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Working In Black And White

Can't get much more minimalist than Taylor Barnes' art. Yet she addresses race and identity in that stark but poetic simplicity.

by Jerome Weeks 19 Jul 2018
Taylor Barnes

The 25-year-old MFA student and teaching fellow at UNT works in ceramics, sculpture and cloth. But her fundamental materials seem to be charcoal, dye and her own experiences with being a young black woman in Texas. Her works have been shown in local galleries (Erin Cluley, 500x, Janette Kennedy), and they've won awards. What's notable about her artworks is that even as they deal with issues of race and identity, there's a restraint, a cool simplicity that makes their minimalist approach all the more powerful.

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Welcome to the Art&Seek Spotlight. Every Thursday, here and on KERA FM, we’ll explore the stories and artistic efforts being made by creatives in and around North Texas. As it grows, this site, artandseek.org/spotlight, will paint a collective portrait of our artistic community. Check out all the artists we’ve profiled.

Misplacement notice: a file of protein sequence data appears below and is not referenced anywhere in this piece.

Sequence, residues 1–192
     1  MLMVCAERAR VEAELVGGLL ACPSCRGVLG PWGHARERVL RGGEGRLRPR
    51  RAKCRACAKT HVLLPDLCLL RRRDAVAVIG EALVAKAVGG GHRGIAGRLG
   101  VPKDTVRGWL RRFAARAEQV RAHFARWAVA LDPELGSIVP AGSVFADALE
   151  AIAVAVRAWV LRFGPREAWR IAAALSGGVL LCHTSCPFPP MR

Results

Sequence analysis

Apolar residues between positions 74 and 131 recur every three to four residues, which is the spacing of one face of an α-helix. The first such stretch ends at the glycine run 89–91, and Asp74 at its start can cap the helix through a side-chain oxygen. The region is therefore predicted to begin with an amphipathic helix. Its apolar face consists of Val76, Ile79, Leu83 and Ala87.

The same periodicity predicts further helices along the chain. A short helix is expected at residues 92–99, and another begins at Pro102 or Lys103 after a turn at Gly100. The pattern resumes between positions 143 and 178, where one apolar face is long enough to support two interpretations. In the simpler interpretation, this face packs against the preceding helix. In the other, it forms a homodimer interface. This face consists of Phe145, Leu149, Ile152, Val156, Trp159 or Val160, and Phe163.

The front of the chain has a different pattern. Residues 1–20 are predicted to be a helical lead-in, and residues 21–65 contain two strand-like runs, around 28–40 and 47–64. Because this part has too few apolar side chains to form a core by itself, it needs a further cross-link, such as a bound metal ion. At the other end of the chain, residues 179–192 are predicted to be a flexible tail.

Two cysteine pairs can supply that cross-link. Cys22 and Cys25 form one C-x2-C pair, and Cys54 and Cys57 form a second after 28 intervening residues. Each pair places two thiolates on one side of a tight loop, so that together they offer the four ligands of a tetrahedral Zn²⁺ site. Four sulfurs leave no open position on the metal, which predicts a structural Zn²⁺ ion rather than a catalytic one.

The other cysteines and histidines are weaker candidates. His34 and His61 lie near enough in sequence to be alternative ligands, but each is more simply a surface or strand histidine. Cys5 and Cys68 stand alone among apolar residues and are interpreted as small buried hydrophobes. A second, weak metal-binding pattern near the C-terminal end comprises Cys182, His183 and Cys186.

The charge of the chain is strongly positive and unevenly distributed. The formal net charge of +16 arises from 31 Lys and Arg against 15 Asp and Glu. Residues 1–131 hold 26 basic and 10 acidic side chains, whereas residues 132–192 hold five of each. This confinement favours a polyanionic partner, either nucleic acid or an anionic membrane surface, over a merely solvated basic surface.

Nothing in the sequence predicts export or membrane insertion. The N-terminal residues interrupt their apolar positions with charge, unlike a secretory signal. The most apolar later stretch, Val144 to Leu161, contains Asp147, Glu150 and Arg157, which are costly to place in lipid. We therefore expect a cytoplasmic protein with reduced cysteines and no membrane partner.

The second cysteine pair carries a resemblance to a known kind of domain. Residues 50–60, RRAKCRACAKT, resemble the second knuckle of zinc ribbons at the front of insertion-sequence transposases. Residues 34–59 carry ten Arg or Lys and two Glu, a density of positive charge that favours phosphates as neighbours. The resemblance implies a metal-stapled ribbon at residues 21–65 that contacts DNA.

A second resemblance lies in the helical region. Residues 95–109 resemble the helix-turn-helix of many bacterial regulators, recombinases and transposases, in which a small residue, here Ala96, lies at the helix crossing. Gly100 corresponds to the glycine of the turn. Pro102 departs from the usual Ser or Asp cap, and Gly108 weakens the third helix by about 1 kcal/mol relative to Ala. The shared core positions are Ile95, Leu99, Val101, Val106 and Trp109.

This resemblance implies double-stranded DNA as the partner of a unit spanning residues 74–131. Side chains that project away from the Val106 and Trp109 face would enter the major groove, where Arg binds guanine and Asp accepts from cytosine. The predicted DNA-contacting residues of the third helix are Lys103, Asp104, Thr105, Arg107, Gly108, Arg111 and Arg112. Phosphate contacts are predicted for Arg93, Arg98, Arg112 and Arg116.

'Been Knowin' Since '93,' graphite and cloth, 2017

‘Been Knowin’ Since ’93,’ graphite and cloth, 2017

You can’t get much simpler than the materials Denton artist Taylor Barnes often uses – just black charcoal on white fabric. Or tree branches and twine. In this Art & Seek Spotlight, we visit Barnes’ studio to see how much she can do with so little.

It’s an unusual studio on the UNT campus. Barnes’ studio is admittedly a bit of a mess; most artists’ studios are. Messing around is often just part of the creative process. But here, everything’s pretty much black or white. A fine black powder coats the floor, it’s like the darkest soot imaginable. And it’s smudged across the once-white walls.

Barnes must create a lot of dust in here.

“Oh, it’s ridiculous usually,” she says. “I mean, this is me cleaning. But this room is usually coated, yeah.”